In our new group at the University of Siegen (Germany) we are looking for a motivated
PhD student in the field of quantum information theory. The research topics include:

* theory of multiparticle entanglement,
* entanglement measures,
* foundations of quantum mechanics, e.g. the Kochen-Specker theorem

Applicants are expected to have a master / diploma in physics, experience in theoretical
physics and interest in foundational questions of quantum mechanics.

Application deadline: 
Tuesday, December 14, 2010

Michael Banks writes at Physics World: ''The US is no longer a "colossus of science" according to a new report looking into the country’s scientific output. Written by information-services provider Thomson Reuters, it says that although the US still holds a "commanding" lead in terms of its research impact, its forerunner status is being eroded. The report blames this on a rapid rise in scientific publishing from countries in Asia and Europe.''
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Dr. Olivia Meyer-Streng at IDW writes: ''The ability to control the propagation of light is at the technological heart of today’s telecommunication society. Researchers in the Laboratory of Photonics and Quantum Measurement led by Prof. Tobias J. Kippenberg (now EPFL) have discovered a novel principle to accomplish this, which is based on the interaction of light (photons) with mechanical vibrations (phonons).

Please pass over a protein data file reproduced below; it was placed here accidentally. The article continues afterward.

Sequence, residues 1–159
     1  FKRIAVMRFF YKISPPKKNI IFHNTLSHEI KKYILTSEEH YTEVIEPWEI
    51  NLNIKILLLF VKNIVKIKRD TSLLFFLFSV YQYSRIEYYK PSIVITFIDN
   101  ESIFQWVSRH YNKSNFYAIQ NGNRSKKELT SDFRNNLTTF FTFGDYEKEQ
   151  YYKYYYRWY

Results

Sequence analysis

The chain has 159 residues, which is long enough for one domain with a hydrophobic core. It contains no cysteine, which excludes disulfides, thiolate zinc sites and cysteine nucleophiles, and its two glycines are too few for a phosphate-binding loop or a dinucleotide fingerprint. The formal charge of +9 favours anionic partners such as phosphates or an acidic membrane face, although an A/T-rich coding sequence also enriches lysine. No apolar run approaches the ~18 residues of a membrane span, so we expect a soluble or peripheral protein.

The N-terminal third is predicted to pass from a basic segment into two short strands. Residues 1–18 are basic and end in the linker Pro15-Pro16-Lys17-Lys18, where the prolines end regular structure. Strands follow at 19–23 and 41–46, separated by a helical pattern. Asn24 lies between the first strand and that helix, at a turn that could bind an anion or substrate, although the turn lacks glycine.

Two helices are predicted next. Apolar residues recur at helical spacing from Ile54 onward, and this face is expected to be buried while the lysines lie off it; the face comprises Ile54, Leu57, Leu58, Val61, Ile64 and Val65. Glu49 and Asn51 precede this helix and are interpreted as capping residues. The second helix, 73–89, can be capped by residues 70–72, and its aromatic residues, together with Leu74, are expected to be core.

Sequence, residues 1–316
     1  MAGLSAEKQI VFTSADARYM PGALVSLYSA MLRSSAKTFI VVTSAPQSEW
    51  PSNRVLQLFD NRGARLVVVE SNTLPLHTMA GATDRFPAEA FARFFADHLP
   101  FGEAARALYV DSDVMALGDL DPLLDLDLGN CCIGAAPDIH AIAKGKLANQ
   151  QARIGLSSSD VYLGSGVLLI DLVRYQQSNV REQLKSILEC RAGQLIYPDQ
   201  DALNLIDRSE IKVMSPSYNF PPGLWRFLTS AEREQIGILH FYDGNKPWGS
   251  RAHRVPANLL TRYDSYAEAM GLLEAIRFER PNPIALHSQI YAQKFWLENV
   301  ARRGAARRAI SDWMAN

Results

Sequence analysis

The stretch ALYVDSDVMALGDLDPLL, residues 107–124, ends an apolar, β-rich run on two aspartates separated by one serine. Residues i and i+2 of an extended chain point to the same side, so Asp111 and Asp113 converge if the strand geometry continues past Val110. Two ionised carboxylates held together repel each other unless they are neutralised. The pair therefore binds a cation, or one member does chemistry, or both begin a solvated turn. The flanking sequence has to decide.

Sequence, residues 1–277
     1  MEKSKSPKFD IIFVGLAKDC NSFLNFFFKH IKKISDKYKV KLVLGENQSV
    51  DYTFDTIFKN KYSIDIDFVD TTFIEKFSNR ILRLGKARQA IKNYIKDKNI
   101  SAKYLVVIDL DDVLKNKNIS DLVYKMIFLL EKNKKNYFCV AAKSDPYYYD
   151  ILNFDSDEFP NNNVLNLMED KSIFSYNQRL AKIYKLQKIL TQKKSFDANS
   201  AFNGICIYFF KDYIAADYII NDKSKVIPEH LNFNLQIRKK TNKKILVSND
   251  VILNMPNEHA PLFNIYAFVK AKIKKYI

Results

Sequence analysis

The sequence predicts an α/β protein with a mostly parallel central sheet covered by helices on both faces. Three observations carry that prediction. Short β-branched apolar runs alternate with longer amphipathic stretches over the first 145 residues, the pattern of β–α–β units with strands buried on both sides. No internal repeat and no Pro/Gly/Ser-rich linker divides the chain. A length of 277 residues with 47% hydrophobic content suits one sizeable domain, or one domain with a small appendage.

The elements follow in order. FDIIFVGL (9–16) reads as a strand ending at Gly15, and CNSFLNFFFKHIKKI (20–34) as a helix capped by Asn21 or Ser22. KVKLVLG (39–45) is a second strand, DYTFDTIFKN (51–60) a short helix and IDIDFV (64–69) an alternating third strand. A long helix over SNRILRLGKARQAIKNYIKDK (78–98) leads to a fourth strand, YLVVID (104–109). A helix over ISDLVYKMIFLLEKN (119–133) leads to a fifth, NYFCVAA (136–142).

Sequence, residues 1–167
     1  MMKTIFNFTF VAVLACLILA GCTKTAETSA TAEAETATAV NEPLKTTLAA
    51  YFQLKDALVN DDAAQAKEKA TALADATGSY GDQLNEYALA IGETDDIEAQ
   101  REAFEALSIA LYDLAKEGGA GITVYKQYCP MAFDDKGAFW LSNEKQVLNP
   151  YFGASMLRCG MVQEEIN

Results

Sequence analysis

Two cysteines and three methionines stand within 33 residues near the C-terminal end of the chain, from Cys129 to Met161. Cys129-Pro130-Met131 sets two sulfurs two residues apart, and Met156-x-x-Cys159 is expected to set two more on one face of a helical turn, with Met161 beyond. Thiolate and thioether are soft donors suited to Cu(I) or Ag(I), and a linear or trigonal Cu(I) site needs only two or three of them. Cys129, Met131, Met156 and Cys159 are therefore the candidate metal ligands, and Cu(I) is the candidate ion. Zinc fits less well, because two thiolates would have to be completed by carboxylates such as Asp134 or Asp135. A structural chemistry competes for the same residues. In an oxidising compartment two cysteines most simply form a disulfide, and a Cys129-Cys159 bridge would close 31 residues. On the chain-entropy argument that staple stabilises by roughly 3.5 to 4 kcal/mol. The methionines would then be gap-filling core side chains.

A PhD position is open in the atom optics group in Hamburg, Germany for studying the interaction of a Bose-Einstein condensate in an optical high finesse (> 500.000) cavity operating in the regime of resolved recoil sidebands. See details on [http://photon.physnet.uni-hamburg.de/en/ilp/footer/news-detail/open-phd-... our group homepage]

Quantum communication networks are high on Europe's agenda, with particular focus being given to quantum memory or information storage. Meeting the challenge head on to make such information accessible to users is a team of scientists from Denmark who used two 'entangled' light beams to store quantum information. The research study, supported by the EU with a combined funding of almost EUR 16 million, is presented in the journal Nature Physics.